KSC Launch Pad Worker Falls, Dies


A worker at the space shuttle launch pad at Kennedy Space Center, pad 39A, fell to his death early Monday morning, according to reports. An employee of United Launch Alliance fell from the launch pad tower near space shuttle Endeavour. NASA released the following statement:

“At about 7:40 a.m. EDT this morning, a United Space Alliance worker fell at NASA Kennedy Space Center’s Launch Pad 39A. NASA emergency medical personnel responded, but they were unable to revive the man. Because of medical privacy, currently we’re not able to release any additional details about this fatality. Family members are being notified. All work at Launch Pad 39A has been suspended for the rest of the day, and counseling and other employee assistance are being provided to workers. Right now our focus is on our workers and for the family of the USA employee. The incident is under investigation.”

Our condolences to the man’s family and his United Launch Alliance co-workers.


USA has now released the name of the person involved in the accident at the launch pad as engineer James D. Vanover.

“Our heartfelt sympathy goes out to the family of Mr. Vanover,” United Space Alliance Chief Executive Officer Virginia Barnes said in a statement. “Our focus right now is on providing support for the family, and for his coworkers. We are also providing our full support to investigating officials in order to determine the cause of the incident as quickly as possible. Until that investigation is complete, it would be inappropriate to provide further comment on the details.”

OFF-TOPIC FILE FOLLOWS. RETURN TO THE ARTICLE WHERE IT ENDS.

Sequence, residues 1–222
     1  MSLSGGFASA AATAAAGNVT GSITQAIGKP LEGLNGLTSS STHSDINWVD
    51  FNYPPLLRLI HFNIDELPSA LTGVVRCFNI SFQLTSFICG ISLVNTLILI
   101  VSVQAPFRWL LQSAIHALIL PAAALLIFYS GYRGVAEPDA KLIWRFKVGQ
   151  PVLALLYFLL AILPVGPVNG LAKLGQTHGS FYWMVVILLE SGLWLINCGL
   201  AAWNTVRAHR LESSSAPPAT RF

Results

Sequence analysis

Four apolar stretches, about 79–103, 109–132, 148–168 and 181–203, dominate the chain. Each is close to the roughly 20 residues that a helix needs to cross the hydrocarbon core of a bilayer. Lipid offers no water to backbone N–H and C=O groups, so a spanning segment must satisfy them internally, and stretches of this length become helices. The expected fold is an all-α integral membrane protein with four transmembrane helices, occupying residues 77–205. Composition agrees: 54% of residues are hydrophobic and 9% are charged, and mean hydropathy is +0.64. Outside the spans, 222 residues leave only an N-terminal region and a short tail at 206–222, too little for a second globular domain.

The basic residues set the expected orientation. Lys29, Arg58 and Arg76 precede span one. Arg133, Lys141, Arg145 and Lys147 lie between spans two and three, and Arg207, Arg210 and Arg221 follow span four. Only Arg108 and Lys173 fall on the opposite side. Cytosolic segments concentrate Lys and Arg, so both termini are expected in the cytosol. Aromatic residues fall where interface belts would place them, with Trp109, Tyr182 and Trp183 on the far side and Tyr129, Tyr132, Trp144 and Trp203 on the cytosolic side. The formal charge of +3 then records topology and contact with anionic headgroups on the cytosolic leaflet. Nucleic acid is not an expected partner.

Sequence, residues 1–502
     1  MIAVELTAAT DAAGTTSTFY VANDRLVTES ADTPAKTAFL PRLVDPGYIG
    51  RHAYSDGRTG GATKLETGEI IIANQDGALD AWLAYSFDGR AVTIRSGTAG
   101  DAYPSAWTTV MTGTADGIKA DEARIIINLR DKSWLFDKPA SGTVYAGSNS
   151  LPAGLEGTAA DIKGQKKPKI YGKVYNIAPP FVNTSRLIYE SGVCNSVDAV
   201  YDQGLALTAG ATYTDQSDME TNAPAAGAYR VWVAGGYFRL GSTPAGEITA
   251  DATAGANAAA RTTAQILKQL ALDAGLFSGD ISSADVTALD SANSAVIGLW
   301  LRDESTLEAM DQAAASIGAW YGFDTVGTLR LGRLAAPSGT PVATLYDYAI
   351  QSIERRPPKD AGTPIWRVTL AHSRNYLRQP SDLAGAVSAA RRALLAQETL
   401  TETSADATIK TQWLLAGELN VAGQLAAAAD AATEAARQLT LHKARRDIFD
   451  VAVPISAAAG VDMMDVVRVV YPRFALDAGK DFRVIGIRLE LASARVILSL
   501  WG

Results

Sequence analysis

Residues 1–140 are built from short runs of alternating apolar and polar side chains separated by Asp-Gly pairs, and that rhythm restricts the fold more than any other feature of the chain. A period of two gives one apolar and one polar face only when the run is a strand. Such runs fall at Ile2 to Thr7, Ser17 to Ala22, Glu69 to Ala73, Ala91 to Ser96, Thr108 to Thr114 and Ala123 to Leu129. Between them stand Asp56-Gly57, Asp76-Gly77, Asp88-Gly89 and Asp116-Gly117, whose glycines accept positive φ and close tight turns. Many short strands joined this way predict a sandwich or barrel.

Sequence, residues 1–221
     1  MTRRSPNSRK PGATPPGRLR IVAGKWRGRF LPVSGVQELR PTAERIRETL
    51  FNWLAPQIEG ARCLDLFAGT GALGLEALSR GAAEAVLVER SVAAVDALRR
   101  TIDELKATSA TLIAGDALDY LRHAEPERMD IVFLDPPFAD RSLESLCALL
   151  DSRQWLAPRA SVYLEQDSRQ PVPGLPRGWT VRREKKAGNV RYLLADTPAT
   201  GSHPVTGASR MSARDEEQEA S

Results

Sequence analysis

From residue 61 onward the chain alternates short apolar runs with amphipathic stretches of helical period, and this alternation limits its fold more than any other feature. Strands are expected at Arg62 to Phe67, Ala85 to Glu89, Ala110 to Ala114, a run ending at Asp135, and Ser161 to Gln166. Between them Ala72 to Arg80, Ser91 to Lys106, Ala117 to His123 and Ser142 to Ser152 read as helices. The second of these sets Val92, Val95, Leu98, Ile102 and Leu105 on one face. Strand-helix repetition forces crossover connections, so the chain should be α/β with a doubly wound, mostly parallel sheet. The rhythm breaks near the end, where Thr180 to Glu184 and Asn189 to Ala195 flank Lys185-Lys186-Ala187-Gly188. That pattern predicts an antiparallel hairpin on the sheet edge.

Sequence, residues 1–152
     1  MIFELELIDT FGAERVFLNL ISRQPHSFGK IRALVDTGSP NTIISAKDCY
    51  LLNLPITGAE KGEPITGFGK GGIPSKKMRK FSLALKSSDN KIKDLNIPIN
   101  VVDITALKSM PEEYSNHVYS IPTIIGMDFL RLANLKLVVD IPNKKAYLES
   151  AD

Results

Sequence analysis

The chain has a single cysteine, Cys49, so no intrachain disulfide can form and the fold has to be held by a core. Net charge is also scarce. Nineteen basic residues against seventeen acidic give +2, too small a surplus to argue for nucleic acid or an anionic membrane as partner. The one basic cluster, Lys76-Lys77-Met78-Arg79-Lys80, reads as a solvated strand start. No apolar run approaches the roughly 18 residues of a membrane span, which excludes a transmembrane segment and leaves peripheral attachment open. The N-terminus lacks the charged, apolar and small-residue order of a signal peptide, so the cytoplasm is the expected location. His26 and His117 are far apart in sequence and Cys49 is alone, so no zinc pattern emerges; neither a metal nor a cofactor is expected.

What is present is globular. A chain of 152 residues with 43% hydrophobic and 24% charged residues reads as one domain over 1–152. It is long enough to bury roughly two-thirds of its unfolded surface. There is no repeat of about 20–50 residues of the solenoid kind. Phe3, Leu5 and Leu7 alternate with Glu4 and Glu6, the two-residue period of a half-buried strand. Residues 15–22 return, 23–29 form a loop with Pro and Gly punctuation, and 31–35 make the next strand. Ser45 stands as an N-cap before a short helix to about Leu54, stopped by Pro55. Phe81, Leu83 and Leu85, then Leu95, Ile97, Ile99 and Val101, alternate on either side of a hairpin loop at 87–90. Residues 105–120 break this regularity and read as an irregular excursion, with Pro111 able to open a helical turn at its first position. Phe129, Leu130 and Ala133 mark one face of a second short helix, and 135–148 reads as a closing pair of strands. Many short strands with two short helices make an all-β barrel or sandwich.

4 Replies to “KSC Launch Pad Worker Falls, Dies”

  1. How has this been allowed to happen? My thoughts go out to the family of the man, but there is clearly a gap in safety that needs to be identified immediately.

  2. That’s a little bit extreme isn’t it? I have worked in may occupations where people can and do die in accidents. Safety is important but nothing is ever going to be 100% safe. I feel for the gentleman and his family but lets not go overboard. I am however curious to know how many fatal accidents have occurred on the ground at all NASA facilities excluding Apollo 1.

  3. Terrible news obviously, and I’m sure the family has the condolences of anyone with an interest in spaceflight.

    Nothing is ever 100% safe, yet any time you’re working at height or in a location with a risk of fall you should be wearing a harness. Whether this is a result of lax safety culture or a terrible slip up remains to be worked out… I’ve worked in the mining industry for a significant period in a former life, and unfortunately, most of these sorts of accidents result from workers not following correct safety protocols in a given situation. It’s terrible that we have to learn the same brutal lessons on safety over and over and over again.

  4. Sad news for his family and friends. While not wishing to diminish his death in any way I’m wondering why is counselling being offered? It seems that whenever a person dies his/her co-workers are suddenly rushed away for grief counselling. Psychologists seem to have forgotten just how resilient people are in times of crisis and grief.

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